What it’s like: According to Hazan, medium-porosity hair tends to be well-balanced in terms of moisture absorption and retention, but may occasionally look dull. “You may have this type if your hair is easy to style and can hold styles for a good length of time, takes color well, and doesn’t take too long to air-dry,” she explains.

How to take care of it: “Regular hydration and products with nourishing ingredients help keep medium-porosity hair healthy,” Hazan says. “Gentle products that protect your hair from environmental damage, including pollution and UV rays, can help you maintain a balanced, normal porosity.” We like Iles Formula Haute Performance Shampoo ($42) and Conditioner ($52), which are free of sulfates and silicones, made with yacon root juice that helps keep the porosity of the hair even, and won’t create buildup.

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High-Porosity Hair

What it’s like: This hair type has a wide-open cuticle structure, dries fast and breaks easily. “Frizz and dryness are indications of high porosity,” says Iles. “Chemical treatments such as bleach and straightening treatments are often a leading cause of high porosity.” Moisture absorbs quickly, but the hair has trouble retaining it. “When washing your hair, it may take a lot of water before your hair is fully wet,” adds Kingsley. “Coarse, curly and coiled hair textures are high-porosity—they drink up and require lots of moisture.”

How to take care of it: Use moisturizing products, like those made with rich oils and/or butters (you may need several to achieve your hair’s optimal look and feel). “Protein fillers like bond-builders are essential, as they are designed to repair porosity by strengthening the protein structures and allowing the protective cuticle layers to remain closed,” says Caspara. “This increases shine and decreases frizz. They are also a great pre-treatment to chemical coloring services, which can weaken the hair.” Butcher recommends Curlsmith Bond Curl Rehab Salve ($30), which she describes as “an intense pre-shampoo treatment that targets all three hair bonds to repair and strengthen hair.”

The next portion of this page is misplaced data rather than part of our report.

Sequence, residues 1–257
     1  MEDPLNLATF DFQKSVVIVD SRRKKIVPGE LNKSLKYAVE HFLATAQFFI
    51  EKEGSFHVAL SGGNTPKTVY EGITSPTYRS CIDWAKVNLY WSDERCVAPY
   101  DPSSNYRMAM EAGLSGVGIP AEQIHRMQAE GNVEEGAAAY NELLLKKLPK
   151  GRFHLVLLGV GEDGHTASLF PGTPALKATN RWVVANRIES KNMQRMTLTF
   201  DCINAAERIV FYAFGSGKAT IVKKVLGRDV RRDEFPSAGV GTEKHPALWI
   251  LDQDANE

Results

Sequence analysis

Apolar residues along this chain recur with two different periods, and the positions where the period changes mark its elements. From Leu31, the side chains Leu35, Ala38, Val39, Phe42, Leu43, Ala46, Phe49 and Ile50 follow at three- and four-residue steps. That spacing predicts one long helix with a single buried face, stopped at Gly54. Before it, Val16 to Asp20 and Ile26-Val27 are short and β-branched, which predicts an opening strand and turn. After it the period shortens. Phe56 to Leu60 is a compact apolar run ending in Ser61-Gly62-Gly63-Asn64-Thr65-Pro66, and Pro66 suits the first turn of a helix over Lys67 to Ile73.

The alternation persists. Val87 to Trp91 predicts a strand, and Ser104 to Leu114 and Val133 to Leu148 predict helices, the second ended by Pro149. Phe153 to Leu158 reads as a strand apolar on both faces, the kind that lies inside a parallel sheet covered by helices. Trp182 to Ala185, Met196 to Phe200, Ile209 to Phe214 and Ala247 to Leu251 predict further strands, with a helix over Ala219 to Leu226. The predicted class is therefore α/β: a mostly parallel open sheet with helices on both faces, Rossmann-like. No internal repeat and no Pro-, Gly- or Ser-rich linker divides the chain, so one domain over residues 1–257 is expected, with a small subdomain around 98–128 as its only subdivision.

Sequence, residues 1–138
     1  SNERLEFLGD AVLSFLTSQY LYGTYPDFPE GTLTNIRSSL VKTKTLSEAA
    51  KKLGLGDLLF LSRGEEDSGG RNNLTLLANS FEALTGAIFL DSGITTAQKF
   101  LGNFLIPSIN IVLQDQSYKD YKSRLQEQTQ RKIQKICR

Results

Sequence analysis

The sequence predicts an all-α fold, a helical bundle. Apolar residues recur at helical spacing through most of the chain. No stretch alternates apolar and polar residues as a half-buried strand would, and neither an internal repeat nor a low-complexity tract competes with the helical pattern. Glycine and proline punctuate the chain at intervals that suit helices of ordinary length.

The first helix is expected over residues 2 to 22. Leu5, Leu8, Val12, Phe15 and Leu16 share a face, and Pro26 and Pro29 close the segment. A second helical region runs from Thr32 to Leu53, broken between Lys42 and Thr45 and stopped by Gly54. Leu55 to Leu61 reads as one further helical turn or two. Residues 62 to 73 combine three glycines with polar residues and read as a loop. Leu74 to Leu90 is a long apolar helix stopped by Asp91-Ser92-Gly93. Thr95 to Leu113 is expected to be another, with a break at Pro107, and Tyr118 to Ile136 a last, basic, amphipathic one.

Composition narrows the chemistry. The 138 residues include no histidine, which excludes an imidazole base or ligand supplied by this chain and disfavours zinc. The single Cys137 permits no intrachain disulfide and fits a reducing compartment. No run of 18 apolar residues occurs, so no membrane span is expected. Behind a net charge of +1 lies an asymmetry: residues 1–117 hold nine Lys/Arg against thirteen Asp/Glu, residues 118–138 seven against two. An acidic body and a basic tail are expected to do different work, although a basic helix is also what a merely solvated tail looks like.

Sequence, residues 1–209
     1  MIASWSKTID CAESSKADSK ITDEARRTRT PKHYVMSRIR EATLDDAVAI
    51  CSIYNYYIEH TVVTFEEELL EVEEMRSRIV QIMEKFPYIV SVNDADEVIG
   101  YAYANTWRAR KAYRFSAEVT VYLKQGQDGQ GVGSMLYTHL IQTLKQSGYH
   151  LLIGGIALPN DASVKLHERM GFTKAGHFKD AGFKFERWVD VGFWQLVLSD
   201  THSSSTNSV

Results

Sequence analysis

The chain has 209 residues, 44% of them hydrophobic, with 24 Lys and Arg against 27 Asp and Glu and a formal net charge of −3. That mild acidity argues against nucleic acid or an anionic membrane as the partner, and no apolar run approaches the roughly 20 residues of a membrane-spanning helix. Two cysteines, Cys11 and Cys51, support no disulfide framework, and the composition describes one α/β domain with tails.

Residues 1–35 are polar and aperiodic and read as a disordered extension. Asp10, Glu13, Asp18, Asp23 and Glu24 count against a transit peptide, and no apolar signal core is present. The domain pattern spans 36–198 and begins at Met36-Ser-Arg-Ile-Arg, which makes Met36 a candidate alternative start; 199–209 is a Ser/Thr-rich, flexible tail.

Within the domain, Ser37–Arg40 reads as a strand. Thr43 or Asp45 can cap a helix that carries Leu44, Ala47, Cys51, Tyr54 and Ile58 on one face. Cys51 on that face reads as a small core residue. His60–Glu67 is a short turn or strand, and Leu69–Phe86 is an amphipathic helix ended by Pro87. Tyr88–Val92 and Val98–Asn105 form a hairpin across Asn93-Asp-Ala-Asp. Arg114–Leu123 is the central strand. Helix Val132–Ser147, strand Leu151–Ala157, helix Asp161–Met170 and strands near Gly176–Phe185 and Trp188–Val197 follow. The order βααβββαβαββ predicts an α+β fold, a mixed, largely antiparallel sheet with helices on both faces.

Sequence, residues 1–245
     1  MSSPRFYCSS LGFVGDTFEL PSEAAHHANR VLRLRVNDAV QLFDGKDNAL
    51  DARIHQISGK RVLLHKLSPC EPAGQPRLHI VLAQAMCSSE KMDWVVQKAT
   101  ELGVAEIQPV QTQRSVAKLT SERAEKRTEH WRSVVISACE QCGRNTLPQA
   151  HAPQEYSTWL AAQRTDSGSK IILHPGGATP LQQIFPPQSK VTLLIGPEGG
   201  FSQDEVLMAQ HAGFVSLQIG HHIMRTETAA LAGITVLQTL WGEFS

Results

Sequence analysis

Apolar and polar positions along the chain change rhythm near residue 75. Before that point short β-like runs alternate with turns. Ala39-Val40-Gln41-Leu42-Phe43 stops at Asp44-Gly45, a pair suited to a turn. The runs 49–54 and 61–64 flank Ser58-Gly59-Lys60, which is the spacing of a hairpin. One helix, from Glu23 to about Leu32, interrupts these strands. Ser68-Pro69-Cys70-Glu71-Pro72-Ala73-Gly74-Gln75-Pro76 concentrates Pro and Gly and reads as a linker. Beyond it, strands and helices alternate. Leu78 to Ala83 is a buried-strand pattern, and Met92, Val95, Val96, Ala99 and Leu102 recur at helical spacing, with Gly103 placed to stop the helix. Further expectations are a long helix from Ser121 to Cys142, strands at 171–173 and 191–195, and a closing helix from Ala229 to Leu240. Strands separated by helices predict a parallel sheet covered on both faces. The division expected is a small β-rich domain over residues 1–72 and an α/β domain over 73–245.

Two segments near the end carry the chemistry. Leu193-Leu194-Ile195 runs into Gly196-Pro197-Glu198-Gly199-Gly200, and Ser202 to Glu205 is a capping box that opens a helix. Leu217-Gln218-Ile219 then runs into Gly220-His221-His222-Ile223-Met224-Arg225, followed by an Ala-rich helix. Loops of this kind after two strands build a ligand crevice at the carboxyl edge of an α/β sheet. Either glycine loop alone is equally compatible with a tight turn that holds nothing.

Inside Tip:

Although bondbuilders can help decrease hair porosity, Caspara urges not to use these products more than once a week. “If used too frequently, they will have an opposite effect and slowly build up and dry out the hair.”


How to Test Your Hair Porosity

Two ways to discover the porosity of your hair at home (a professional stylist can also help).

DO THE FLOAT TEST.

Fill a glass three-fourths full of room-temperature water, place a strand of your clean hair in the water and let it sit for a minute. “If the hair sinks slowly, it has medium, or normal, porosity,” says Wendy Iles, celebrity hairstylist and founder of Iles Formula. “If it sinks immediately, it has high porosity. If it floats on top of the water, it’s an indication of low porosity.”

CLOCK YOUR DRY TIME.

“See how long it takes for your hair to air-dry,” Caspara says. “Healthy hair tends to dry much faster than porous hair, which can take hours due to its weakened cuticles that continue to hold water.”